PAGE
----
I don’t know what to make of Benjamin Millepied–a City Ballet principal–as a choreographer. Ambitious and diligent, he “improves” doggedly, learning how to bring off one basic task of choreography after another. But he hasn’t yet made me want to see one of his dances a second time. Au contraire.
Pacific Northwest Ballet in Benjamin Millepied’s 3 Movements
Photo: Angela Sterling
Of late he’s been teaching himself to manipulate large numbers of dancers effectively. Earlier, I saw another of his exercises in this vein that resulted in a frantic, blurry mess, like rush hour at Times Square. But 3 Movements, set to Steve Reich’s relentless Three Movements for Orchestra and featured as the second “big number” on the Joyce program, was as clear as could be; indeed it looked as if most of it had been designed on graph paper. Like all the Millepied’s works I’ve seen, this one seems hollow in the sense of having no interior life, no imaginative vision, no notion of what makes a ballet unforgettable. The answer lies beyond the realm of efficiency.
The Joyce program is completed by a pair of smaller pieces, no doubt audience pleasers though hardly distinguished works of art. Edwaard Liang’s Für Aline, a duet created in 2006, is set to a radically sparse score–single notes separated by silence, constituting a fragment of melody that haunts the memory–by the Estonian composer Arvo Pärt, a favorite among dance makers with a melancholy bent.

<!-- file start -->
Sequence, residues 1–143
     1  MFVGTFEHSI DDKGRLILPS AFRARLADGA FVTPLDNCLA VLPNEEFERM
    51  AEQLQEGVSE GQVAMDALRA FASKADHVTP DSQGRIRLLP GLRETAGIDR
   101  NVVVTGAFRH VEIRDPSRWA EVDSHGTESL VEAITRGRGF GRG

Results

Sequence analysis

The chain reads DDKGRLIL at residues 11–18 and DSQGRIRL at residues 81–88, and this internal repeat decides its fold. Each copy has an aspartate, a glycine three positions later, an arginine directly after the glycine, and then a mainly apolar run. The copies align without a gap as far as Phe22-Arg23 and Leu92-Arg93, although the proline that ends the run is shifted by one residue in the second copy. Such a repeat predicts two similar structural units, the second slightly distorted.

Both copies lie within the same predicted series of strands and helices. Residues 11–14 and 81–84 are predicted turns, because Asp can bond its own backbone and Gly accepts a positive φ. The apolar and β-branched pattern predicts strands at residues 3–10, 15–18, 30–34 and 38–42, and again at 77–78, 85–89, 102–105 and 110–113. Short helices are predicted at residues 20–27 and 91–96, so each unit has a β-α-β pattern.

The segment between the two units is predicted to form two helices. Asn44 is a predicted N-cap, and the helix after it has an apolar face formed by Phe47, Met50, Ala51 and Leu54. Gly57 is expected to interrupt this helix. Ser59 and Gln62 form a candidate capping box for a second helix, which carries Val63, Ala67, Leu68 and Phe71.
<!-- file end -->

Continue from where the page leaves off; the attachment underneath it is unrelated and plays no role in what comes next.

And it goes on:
Liang gives us a young man apparently unable to relinquish his obsessive memory of the woman he loved, who has died. For him, she exists in the present–as exquisite and delicate as ever, moving with a “being beauteous” quality. Unfortunately, Liang depends on bits and pieces he’s (and we’ve) seen and liked in other, better, choreographers’ work, without giving them a meaningful new context and seems devoid of invention when left to the his own devices. What’s more, the mood of his piece is woefully sappy. Still I did appreciate the moment in which the lost beloved suggests that she–though presumably now dwelling in the Elysian Fields–misses her partner as much as he misses her.
Pacific Northwest Ballet in Marco Goecke’s Mopey
Photo: Chris Bennion
Marco Goecke’s 2004 male solo, Mopey, is set to music by C.P.E. Bach, then the theatrical ploy of no sound at all, then to raucous sound from The Cramps. It describes an alienated youth who suffers, violently and picturesquely, from (a) drug addiction; (b) spasmodic hyperactivity caused by Attention Deficit Disorder; (c) an unspecified form of psychosis. Choose one or all of the above. Because of its length, perhaps, and its physical challenges (sheer endurance being just one them), it’s made to impress but not, unfortunately, to express anything beneath the surface.
Given the dubious worth of these two pieces, Boal surely would have done better to replace them with–if not a Balanchine contribution–at least one of the several works of Jerome Robbins that he has acquired for PNB in the course of his tenure.
As for PNB’s dancers, they make a very good ensemble, but even the best among them, charged with leading roles, lack the ability to thrill your eyes and heart, to “own” the stage as real stars do. This capacity may come with time, but then a lot of time has already passed.
What really broke my heart was the sight of Carla Körbes, justly adored by the New York audience when she was with City Ballet, although she never received the roles her ballerina-qualities seemed to deserve. Now a principal with PNB and dancing leads in three of the opening-night ballets at the Joyce, she looked hampered both by embonpoint and, far more telling, a failure of desire.
© 2010 Tobi Tobias